“They didn’t seem right for KDL (sic) songs; they seemed a bit too personal. I got two friends of mine who are incredible musicians, who have a duo project called The Royal Organ Duo – drums and organ – and are good friends of ours, to come in.

“Rather than me playing everything on it and layering it up, I could have gone down that road, but I didn’t want to do that because I didn’t think it would be that fun. I wanted it to have the energy of people playing in the room together, traditionally how records are made and produced. People playing and you capture that energy and build on that.

“That was a process of about five years, in arranging and going back and re-recording songs, and then playing gigs and realising, ‘oh actually, I have learned how to play this song now, let’s go back in and redo it.”

So where’s the Beans On Toast anecdote, you may wonder? Well, Mr Beans On Toast first discovered Kitty when she was nine, playing harmonica in a pub! “A friend of mine, Beans On Toast, who me and Lewis an produced an album for a few years ago, was going back out on the road and he asked if I’d be up for being the support, and playing in his band as well.

“The thought of doing that was really nerve-racking because it’d be me on my own without a band; just me and a guitar. That’s something I’d never done before. I’d only ever played with the band and my family there, so it was quite nerve racking, but I thought this is something I should do.

“It’s completely different to anything else I’ve ever done. So yeah, I took the plunge, and we did about 30 shows in 2021 at the tail end of lockdown and when gigs were starting up again.

“On the first solo gig I was really nervous, bigtime, yeah. There’s nothing to fall back on, it’s just you and you have got to make sure you are holding people’s attention and you are telling the story of the song.

“That you are not just there hiding behind your instrument and rocking out. The spotlight’s on you and you’ve got to tell the story of what you are singing. After doing it the first night, I was like, ok, cool, I can do this. I think this is good and people seem to be enjoying it.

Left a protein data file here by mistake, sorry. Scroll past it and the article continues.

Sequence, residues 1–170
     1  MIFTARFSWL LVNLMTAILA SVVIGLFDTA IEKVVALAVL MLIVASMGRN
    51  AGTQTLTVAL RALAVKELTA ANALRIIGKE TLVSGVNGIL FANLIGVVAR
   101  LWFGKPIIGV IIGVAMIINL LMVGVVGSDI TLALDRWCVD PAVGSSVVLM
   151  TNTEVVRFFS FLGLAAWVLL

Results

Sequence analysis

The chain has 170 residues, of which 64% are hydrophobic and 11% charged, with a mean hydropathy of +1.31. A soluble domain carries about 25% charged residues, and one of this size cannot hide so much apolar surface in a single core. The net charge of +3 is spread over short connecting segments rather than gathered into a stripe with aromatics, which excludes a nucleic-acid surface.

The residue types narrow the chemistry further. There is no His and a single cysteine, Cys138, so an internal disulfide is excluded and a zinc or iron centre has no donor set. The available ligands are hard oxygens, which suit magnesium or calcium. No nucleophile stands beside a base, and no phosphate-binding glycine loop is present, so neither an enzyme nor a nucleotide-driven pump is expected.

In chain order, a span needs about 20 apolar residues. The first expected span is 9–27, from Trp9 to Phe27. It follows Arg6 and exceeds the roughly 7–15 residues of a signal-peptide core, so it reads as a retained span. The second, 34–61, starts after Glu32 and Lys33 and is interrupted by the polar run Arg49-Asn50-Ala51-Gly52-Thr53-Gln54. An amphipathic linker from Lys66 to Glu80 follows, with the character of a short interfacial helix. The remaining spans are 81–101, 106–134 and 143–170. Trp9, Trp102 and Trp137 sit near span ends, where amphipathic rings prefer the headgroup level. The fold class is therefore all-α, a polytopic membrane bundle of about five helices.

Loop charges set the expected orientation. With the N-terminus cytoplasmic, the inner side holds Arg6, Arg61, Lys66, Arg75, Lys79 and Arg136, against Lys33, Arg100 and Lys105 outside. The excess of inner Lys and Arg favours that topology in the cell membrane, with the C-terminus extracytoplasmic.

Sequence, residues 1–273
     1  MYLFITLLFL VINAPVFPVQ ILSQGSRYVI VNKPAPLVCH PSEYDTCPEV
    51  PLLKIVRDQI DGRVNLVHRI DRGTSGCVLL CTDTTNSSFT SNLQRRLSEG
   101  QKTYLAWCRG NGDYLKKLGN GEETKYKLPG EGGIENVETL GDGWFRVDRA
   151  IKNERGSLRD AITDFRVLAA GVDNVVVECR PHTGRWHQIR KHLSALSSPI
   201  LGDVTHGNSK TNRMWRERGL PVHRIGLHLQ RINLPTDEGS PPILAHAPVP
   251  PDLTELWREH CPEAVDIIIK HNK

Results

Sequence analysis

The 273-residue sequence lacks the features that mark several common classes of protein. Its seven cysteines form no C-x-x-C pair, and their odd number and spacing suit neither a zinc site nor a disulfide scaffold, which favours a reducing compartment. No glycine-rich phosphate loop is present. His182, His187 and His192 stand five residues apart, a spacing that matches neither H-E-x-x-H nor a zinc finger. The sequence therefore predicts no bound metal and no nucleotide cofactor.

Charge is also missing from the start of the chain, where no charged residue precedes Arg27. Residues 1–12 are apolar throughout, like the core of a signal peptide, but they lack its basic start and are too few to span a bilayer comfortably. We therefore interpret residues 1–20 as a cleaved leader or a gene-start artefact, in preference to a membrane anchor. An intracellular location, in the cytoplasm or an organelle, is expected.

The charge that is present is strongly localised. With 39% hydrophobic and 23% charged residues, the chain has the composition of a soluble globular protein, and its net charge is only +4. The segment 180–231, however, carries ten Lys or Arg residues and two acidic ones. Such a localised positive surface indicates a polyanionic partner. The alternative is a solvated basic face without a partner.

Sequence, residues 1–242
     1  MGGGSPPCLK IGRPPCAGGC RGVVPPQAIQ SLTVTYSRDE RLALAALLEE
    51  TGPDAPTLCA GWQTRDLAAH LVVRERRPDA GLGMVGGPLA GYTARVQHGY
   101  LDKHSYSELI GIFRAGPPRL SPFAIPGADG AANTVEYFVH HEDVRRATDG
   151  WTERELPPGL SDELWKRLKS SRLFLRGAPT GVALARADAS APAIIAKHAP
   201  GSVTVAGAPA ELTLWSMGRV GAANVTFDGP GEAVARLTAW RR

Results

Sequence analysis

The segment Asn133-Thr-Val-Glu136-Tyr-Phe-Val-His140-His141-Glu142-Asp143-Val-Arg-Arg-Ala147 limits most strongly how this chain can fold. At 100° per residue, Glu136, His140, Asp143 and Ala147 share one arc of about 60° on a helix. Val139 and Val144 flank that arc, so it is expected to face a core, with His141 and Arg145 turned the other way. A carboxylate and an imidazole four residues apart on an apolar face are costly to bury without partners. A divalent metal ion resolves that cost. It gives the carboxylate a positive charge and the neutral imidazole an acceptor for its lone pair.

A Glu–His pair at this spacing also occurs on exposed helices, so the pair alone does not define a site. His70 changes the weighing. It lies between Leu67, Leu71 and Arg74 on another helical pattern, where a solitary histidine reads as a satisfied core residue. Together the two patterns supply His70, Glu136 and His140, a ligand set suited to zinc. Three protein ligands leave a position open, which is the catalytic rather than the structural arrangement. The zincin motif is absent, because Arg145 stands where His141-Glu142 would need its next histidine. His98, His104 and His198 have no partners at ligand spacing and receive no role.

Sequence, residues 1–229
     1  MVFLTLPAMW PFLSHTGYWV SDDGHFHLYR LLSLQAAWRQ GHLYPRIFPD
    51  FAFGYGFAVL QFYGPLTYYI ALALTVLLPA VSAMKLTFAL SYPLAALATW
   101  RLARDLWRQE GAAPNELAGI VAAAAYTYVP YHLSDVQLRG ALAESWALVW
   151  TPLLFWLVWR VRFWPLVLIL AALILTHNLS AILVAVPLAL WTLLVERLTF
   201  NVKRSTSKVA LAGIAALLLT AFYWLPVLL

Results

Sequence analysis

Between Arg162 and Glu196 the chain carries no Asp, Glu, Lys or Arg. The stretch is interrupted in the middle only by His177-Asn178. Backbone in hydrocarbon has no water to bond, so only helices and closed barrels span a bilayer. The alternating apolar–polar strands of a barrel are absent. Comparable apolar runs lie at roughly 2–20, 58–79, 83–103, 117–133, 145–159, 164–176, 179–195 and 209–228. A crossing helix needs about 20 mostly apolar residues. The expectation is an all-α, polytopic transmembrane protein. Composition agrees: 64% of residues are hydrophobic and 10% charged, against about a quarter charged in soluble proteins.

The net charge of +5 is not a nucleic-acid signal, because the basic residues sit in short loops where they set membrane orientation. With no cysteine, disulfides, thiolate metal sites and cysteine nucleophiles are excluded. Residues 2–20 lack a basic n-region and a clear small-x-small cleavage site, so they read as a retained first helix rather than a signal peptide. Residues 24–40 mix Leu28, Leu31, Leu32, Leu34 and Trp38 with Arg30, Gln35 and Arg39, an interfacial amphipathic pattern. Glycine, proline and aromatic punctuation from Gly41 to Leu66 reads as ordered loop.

“I am really grateful to Jay aka Beans On Toast, because if he hadn’t asked me to do that, I might not have pushed myself to do that otherwise. It lead me to really learn the songs and going back and recording them after that. It was really helpful.”

Kitty, Jack Flanagan and Lewis Durham
Kitty, Jack Flanagan and Lewis Durham

Last year, Kitty was out on her own again, just her and a guitar, as opening act for film and TV star Damian Lewis on his UK tour, and she played in his band too. I saw her last year, again just Kitty and a guitar, at Camp Bestival Shropshire. Brilliant job.

The title of the album “Easy Tiger” came to Kitty on a stroll across Hampstead Heath in London. “ I didn’t want it to be self-titled Kitty. I wanted something that could kind of sum up the journey that I’ve been on. When I was writing these songs, I felt like coming of age a little bit, not that I felt I was being stifled in any way; in terms of the feelings and emotions I had at the time and the reason for writing these songs. So, I thought about breaking out of a cage and Easy Tiger is just me…”

The 10 self-penned originals, include an album version of her EP title track, “The River That Flows”. The core theme of the album? “The general thread is based on the relationship I was in at the time, I was quite unhappy and the songs are from the start of the relationship and the course of the relationship, and then at the end of it there are songs that are written as messages to myself.